Sarahi Espinoza Salamanca couldn’t wait to start college and make her American dream a reality. As soon as she was able, Sarahi decided to apply for FAFSA, which gives qualifying students financial assistance for college. That’s when she was dismayed to find out she didn’t qualify for financial aid because of her undocumented status. To make matters worse, her school counselor told her “people like” her don’t go to college 🤦🏽♀️
As the youngest of 11 children, Sarahi was the first in her family to aspire for college. She decided she wouldn’t let her status stop her, and others, from reaching their full potential. So she developed DREAMers Roadmap, a nonprofit college financial aid mobile app specifically for undocumented students.
She knew she wasn’t alone in facing financial challenges due to her status. There are 1.2 million DREAMers with a social security number, which means the other two-thirds don’t have the digits required to apply for FAFSA.
By creating DREAMers Roadmap, Sarahi made it possible for this vulnerable population to take open doors of opportunity. The app has helped more than 20,000 undocumented students afford college costs. Sarahi has come a long way since her parents decided to migrate from Mexico. In a testimonial, Lilly, one of the app users, said DREAMers Roadmap made it possible for her to attend the University of California-Los Angeles. Thanks in large part to the access the app gave her, Lilly was the first in her family to graduate college 🎓
Through this app, Sarahi is changing the future for Latinxs for generations to come!
When Jodi González and her son Michael of Central Texas started considering colleges, they were overwhelmed with the options. Factors like tuition, diversity and geography varied. That’s why they were relieved when Austin Community College reached out to them personally.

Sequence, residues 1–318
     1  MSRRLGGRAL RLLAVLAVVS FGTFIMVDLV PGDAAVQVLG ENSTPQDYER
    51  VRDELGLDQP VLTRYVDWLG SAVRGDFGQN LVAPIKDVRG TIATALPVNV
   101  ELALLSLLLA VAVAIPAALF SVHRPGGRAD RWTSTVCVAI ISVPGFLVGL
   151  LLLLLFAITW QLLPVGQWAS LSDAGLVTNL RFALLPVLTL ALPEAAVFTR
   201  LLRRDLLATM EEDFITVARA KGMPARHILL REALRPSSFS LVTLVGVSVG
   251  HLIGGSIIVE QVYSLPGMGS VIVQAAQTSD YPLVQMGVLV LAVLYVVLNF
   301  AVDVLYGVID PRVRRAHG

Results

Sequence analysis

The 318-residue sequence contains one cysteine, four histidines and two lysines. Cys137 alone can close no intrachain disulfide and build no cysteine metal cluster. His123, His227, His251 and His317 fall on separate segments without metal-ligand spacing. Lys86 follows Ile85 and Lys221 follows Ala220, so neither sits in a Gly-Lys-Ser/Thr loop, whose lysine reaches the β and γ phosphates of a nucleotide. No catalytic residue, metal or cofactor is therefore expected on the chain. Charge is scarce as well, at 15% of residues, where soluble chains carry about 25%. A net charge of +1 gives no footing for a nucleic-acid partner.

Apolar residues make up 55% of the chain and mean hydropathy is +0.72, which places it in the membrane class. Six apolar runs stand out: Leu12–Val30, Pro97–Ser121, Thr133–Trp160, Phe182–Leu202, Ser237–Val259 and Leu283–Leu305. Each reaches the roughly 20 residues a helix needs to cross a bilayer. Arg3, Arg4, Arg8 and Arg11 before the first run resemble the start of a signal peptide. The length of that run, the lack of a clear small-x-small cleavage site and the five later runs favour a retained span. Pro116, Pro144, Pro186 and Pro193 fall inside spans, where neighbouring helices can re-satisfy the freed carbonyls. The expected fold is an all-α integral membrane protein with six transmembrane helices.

Michael graduated from a majority Latinx high school and it was important to him, as for many Latinxs, to choose a school with classmates and professors who looked like him. ACC’s recruitment officers understand that a sense of confidence and identity is important to success, and they made it a point to make Michael comfortable.
Jodi says her son will get more out of his time at ACC than he would in a larger and more traditional campus. Experts agree, since ACC is one of nine higher education institutions awarded the new ‘Seal of Excelencia’ for success with Latinx students. The award recognizes an institution’s commitment and ability to successfully serve Latinx students and close the education gap.
In addition to Austin Community College, the other eight institutions 🎓 include:
Arizona State University
California State University Channel Islands
El Paso Community College
Florida International University
Grand Valley State University,
South Texas College
University of Arizona
University of Texas at El Paso
Deborah Santiago, the CEO and co-founder of the Washington nonprofit Excelencia in Education, charged with selecting these colleges, says they are meant to serve as models for other institutions of higher learning to follow.
When higher education systems embrace our gente’s needs, it’s a win-win for our country’s future!
From the beginning, the odds were stacked against 29-year-old Erica Alfaro, who graduated from Cal State San Marcos with a master’s degree. She became a mom at 16, dropped out of high school and was trapped in an abusive relationship. But with the support of her parents, she reached her dreams.
Born in Tijuana, Mexico, her parents moved the family to Oceanside, Calif., when Erica was 13 years old. Although her parents believed education was important, they weren’t able to go to school themselves and got jobs as farmworkers. Alfaro seemed destined to repeat the cycle. Yet Erica was determined to break it.
Her son Luis inspired her to finish school, first through homeschooling. Then she enrolled at junior college before transferring to Cal State San Marcos. There, the obstacles continued. Her son was diagnosed with cerebral palsy causing Erica unexpected but understandable depression.